canned vs. frozen vs. fresh (my personal experience)

 

Canned food has been around for about two hundred years, according to a Wikipedia article I just read at

https://en.wikipedia.org/wiki/Canning

Hard to believe, is it not?

According to another Wikipedia article re frozen foods, at

https://en.wikipedia.org/wiki/Frozen_food

From 1929, Clarence Birdseye introduced “flash freezing” to the American public. Birdseye first became interested in food freezing during fur-trapping expeditions to Labrador in 1912 and 1916, where he saw the natives use natural freezing to preserve foods. … [E}xperiments, involving orange juice, ice cream and vegetables were conducted by the military near the end of World War II.

Which means that frozen foods were common by the time I was growing up.

My impressions, in a nutshell:

Frozen orange juice from concentrate was horrible.

Most vegetables tasted then, and still do, quite good: for example, peas (especially), broccoli, and string beans.

But other vegetables, strangely, did not then and do not now seem to taste as good frozen. Corn, for example. And, spinach.

Why is it a fact that (it seems indisputable to me) that corn seems to taste far better canned?

Spinach? it doesn’t seem to freeze well. It needs to be fresh.

Beets are best by far fresh. They are passable canned, but not very tasty or nutritious.

When it comes to fruits, I actually prefer some canned! This may be because I was brought up with them being served them that way, often for desert. (I loved Del Monte Fruit Cocktail.)  For example, peaches and pears. I think they taste very good canned. In contrast, they have a rough texture when fresh that I can’t get used to. And, the fresh ones are often as hard as rocks.

Strawberries ideally should be fresh. But, fresh strawberries when purchased often are not that fresh and taste bitter. My mother used to use frozen strawberries, and I actually got to like them. Nowadays, store bought strawberries often seem to taste “cottony.”

Peas, as I mentioned above, taste great frozen. They seem to retain their full flavor and to be just about as good as the real thing. Why is it that canned peas taste insipid?

As I mentioned above, canned corn tastes just great. What about the real thing?

My father once told me that he had heard it said that corn on the cob should be eaten right away once harvested – the way he put was, “you have to practically run to the pot with an ear of corn.” I have noticed that a lot of store bought corn on the cob does not taste particularly good. The kernels are hard, and you can tell it’s not fresh. Which is not to say that there is nothing like a buttered ear of fresh, sweet corn on the cob.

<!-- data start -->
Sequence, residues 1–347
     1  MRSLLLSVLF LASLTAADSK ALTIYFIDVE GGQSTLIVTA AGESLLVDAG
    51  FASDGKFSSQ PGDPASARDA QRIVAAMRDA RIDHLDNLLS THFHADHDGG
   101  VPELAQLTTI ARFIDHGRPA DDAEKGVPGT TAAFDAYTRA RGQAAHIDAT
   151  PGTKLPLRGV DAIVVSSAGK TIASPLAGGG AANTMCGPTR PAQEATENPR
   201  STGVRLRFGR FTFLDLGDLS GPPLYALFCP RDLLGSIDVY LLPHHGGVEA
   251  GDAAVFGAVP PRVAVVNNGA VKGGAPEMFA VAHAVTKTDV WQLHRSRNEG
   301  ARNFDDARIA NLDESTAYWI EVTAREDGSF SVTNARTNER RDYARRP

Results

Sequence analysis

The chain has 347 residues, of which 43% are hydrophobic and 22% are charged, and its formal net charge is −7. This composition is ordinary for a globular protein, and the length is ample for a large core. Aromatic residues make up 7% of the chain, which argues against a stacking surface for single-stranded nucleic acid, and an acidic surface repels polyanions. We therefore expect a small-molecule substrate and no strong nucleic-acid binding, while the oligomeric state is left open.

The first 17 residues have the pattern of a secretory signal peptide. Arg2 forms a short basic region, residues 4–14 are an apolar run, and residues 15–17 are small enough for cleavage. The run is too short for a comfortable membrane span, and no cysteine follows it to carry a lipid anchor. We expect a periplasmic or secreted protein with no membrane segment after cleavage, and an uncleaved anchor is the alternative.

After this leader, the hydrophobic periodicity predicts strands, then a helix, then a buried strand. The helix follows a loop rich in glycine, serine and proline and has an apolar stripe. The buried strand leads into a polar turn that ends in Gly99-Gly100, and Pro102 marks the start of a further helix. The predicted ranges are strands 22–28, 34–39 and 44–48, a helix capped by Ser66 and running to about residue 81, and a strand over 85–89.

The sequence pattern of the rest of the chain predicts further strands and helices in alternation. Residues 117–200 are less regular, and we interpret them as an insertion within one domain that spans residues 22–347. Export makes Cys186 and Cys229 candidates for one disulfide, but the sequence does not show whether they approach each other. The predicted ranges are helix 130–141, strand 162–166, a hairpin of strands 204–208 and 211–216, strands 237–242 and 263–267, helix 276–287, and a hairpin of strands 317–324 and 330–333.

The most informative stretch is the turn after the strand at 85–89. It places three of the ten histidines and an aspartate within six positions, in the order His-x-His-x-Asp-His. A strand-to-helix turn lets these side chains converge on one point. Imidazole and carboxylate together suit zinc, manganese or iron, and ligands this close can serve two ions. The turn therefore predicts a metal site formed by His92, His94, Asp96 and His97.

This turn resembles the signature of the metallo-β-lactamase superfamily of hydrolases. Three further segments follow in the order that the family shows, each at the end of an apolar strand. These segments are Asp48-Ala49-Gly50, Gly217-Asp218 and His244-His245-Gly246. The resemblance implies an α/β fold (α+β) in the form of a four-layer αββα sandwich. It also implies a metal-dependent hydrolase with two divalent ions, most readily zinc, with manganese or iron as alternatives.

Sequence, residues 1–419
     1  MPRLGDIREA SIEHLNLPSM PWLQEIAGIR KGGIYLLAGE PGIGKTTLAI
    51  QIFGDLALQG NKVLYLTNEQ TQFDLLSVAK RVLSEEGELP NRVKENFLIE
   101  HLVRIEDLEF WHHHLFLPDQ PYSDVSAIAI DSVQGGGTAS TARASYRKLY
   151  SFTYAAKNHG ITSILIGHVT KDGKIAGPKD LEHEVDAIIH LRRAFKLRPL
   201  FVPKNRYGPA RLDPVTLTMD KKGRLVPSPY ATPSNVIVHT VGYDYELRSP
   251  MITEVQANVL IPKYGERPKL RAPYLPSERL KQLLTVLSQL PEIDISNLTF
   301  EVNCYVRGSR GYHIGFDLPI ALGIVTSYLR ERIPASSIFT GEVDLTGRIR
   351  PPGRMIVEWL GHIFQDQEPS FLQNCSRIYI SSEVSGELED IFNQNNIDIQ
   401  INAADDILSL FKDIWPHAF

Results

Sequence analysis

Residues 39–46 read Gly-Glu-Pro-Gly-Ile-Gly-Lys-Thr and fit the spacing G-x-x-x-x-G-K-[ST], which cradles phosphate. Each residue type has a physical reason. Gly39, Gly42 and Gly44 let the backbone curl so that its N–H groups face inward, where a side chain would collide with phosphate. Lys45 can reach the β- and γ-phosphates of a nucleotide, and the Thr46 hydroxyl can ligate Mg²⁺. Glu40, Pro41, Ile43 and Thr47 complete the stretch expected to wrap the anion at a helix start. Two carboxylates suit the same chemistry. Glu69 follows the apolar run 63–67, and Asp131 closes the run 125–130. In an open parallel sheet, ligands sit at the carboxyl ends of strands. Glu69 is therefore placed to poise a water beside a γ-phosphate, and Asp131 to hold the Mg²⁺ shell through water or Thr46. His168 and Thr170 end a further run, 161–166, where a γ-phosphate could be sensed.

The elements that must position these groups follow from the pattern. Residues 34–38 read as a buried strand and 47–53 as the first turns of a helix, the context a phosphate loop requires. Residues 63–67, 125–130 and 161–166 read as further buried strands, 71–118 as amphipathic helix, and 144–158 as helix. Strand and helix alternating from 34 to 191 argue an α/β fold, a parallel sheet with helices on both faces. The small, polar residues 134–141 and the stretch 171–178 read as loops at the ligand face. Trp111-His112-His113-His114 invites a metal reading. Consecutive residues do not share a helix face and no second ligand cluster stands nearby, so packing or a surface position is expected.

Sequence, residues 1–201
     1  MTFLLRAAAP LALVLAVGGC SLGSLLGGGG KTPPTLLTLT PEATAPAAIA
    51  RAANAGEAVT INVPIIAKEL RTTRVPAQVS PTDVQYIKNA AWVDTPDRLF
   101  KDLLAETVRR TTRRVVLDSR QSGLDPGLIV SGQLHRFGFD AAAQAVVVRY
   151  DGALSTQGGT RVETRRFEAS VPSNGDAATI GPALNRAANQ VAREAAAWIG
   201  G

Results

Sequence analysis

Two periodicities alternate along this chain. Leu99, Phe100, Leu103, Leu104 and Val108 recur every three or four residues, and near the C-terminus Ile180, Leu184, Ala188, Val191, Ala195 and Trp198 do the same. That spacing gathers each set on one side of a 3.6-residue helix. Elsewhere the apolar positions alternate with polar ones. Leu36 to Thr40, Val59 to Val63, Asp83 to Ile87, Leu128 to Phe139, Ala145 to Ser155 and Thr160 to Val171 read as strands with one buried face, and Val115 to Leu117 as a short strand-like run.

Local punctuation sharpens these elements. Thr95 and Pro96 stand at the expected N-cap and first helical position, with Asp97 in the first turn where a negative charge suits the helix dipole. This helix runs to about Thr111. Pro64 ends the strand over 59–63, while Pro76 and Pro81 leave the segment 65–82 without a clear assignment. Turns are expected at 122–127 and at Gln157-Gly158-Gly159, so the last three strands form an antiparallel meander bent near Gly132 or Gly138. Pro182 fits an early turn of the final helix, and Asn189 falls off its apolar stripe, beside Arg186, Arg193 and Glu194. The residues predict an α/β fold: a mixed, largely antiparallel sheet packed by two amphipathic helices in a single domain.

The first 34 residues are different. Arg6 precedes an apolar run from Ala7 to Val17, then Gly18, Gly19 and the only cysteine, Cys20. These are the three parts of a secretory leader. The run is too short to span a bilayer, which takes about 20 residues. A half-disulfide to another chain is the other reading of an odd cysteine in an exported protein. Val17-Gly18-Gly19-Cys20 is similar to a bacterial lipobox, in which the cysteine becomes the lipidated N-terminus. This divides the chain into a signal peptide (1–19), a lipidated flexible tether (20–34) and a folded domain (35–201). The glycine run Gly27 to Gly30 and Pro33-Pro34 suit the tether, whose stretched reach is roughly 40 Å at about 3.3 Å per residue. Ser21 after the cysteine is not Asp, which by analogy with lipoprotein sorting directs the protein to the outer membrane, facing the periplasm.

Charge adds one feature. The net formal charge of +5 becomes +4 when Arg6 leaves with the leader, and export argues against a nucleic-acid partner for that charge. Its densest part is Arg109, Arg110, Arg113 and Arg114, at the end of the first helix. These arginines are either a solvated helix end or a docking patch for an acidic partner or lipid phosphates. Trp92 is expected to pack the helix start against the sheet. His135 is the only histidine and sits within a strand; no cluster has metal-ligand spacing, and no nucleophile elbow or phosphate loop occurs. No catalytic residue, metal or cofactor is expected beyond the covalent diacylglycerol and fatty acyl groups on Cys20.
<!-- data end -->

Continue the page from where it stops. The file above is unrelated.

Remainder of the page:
Did anyone ask about cherries? I have never heard of them being sold any other way than fresh. I love them. Too bad they are often not fresh anymore by the time they reach market, with the result that they taste bitter and tart –- the delicious sweetness all gone. It’s very hard to find fresh cherries here in New York.

You will see cherries very highly priced, wrapped in cellophane, in stores here. They supposedly are the best ones, from the state of Washington. They seem to have spent a lot of time on the shelf and are fair, at best. Basically, it’s a rip off. It used to be, just a few years ago, that there would be a few weeks during the summer when you could purchase the real things – honest to God sweet, fresh cherries – at local greengrocers in the City. I can’t seem to find them anymore.

I forgot to mention watermelons. They were wonderful in my childhood; they were local. Nowadays, it’s hard to get fresh, sweet watermelons. More often than not, they are more or less tasteless. What a shame. Watermelons seem to grow profusely practically everywhere.

— Roger W. Smith

     July 2016

About Roger W. Smith

Roger W. Smith is a writer and independent scholar based in New York City. His experience includes freelance writing and editing, business writing, book reviewing, and the teaching of writing and literature as an adjunct professor. Mr. Smith's interests include personal essays and opinion pieces; American and world literature; culture, especially books and reading; current issues that involve social, moral, and philosophical views; and experiences of daily living from a ground level perspective. Besides (1) rogersgleanings.com, a personal site, he also hosts a websites devoted to (2) the author Theodore Dreiser and (3) to the sociologist and social philosopher Pitirim Aleksandrovich Sorokin.
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